Friday, January 27, 2012

English-Dutch translation challenges

Ablynx ceoOne of my Cambridge professors sent out an intriguing question last week.  Shares in a biotech firm, Ablynx, had dropped 20% after an English-language interview with their CEO, Dr. Edwin Moses (left), was published in Dutch by the Belgian newspaper De Tijd.  Ablynx claims that the translation misrepresented Moses’ remarks, posting their original English and the newspaper’s Dutch versions of the interview on their web site.  De Tijd stands by their translation.

Dr. Bains’ question: ‘Was the translation accurate?”  A close Dutch friend took a look for us, and her opinion was

The translation is indeed more negative and apologizing then the original. The Dutch choice of words and answers seem like an apology, while in the English document the words are more an explanation. There are no real "false" translations, but the English article gives opportunity, the Dutch gives more ideas of possible failure.

BoekenWords matter.  But an upcoming Cambridge seminar, Translation and Figurative Meaning, argues that a correct interpretation depends on more: both the words and context must be right.

Following on from an example by Geach, I gave Google Translate a statement about a local tavern: The Duke of Cambridge sells beer.  It’s Dutch equivalent is “De hertog van Cambridge verkoopt bier.”: Cambridge is a place where the Duke sells beer.

Context also matters.

Occasionally, Dutch friends ask me to review translated texts to assure that they are in “proper English”.  (Let’s set aside the question of whether Americans speak proper English at all).  Often, I find myself wrestling with similar questions of language, context, and intent.

Here’s a real example: the original text is

The degree to which an individual succeeds in developing his personal quality depends on motivation and will power on the one hand, and the opportunities provided by the environment on the other. Willing is thus not the same as being able, but with a bit of good will, much can be achieved, as long as there is a setting in which this is really possible.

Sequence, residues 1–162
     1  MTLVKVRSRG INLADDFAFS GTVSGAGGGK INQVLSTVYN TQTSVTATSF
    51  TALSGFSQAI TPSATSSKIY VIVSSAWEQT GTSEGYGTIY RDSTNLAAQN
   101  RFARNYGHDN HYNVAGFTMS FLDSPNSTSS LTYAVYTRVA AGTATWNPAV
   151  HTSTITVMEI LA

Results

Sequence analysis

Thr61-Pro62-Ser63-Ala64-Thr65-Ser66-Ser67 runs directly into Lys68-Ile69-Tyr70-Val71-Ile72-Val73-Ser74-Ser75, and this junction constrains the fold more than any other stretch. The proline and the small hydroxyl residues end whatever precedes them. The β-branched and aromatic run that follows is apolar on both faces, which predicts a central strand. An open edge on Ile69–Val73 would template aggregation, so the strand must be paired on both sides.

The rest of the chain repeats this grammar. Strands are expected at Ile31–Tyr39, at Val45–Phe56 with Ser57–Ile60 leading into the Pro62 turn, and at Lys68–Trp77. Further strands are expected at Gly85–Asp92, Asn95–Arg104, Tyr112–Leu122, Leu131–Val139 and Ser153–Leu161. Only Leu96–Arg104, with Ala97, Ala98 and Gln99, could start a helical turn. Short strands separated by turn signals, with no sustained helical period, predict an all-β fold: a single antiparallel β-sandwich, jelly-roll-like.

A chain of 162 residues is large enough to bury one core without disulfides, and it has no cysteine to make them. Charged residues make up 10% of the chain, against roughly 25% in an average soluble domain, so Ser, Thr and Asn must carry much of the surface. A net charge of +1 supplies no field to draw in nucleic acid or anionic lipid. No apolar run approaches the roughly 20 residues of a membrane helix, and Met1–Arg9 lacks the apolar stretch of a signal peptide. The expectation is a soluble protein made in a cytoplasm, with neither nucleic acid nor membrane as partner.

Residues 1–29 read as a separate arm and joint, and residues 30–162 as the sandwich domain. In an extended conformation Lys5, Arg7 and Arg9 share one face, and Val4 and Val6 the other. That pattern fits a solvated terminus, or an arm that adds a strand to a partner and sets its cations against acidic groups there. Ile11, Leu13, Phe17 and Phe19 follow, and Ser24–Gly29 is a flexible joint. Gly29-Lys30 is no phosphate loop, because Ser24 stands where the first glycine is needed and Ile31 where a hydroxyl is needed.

My first attempt at a rewrite was

The degree to which an individual succeeds in developing his talents depends on intrinsic motivation and will power, and on opportunities provided by the environment. Being willing to develop is, unfortunately, not the same as being able. But those who are willing can achieve when placed into a setting that enables their talent to develop.

What’s wrong with this rewrite?  I was trying to think too deeply about the author’s meaning, not just about the correctness of his language.  So I ended up rewriting to the extent that I injected my own beliefs and understandings, obscuring the author’s original intent.

I literally started over with a blank page:

The degree to which an individual succeeds in developing his talent depends on their motivation and will power on the one hand, and on the opportunities provided in their environment on the other. Being willing to change is thus not the same as being able: setting combines with motivation to create a context in which development is really possible.

Maybe better?  I didn’t get any feedback.  But it made me think hard about how I do my markups.  And, on reflection, this sort of editing operates on three levels of personal agreement that are also relevant to translation.

1) Correctness: Fixing errors in spelling and syntax. So, his personal quality becomes his personal qualities.

2) Clarity: Resolving ambiguous words to solidify the meaning of a sentence.  So his personal qualities becomes his talents.

3) Agreement: I disagree that talent development depends only on motivation, will power (the same thing as motivation), and environment.  What about ability, educations, social and economic status…

It took a real effort for me to set aside the third and focus just on the first two, and even in just trying to clarify I needed to keep asking myself if I understood the author’s viewpoint.

I don’t think that De Tijd deliberately tried to inject bias into their translation of the interview.  But it’s apparent that their word choices altered the color of the text, changing the reader’s perceptions even as they attempted to preserve the author’s.  It’s a very tricky thing to get right.

As Google Translate reminds me daily (yes, this is real).

Men are Med


Alison said...

Excellent post. It can be difficult sometimes to keep our own bias out of editing. I try to stick to the technical side of editing and use margin comments when I think an idea may need to be expanded or rethought.

Invader_Stu said...

I always suspected that google was sexist. Ever notice that no matter what you type in a image search it comes back with at least one image of a semi naked woman. Google is sexist :p

I always find it interesting as well that a way of saying sorry in Dutch is 'excuses' (think I'm spelling it wrong). It makes it sound like they are coming up with an excuse to my English ears rather then apologising.

Jules: said...

I have always thought of editing and translating to be pretty much the same thing--you have to know what the person wants to say, and then figure out if they've said it correctly. Strangely, I've never really had issues with knowing what someone wants to say. I guess it's one of the benefits of having played translator while growing up (my parents are both ESL people).

gail said...

Great post.It is important to get a translation done right instead of having "that guy from accounting" do it over the weekend. I would also like to point out that a professional translation agency usually offers proofreading services (or just includes them in the translation fee). Believe me, it does help!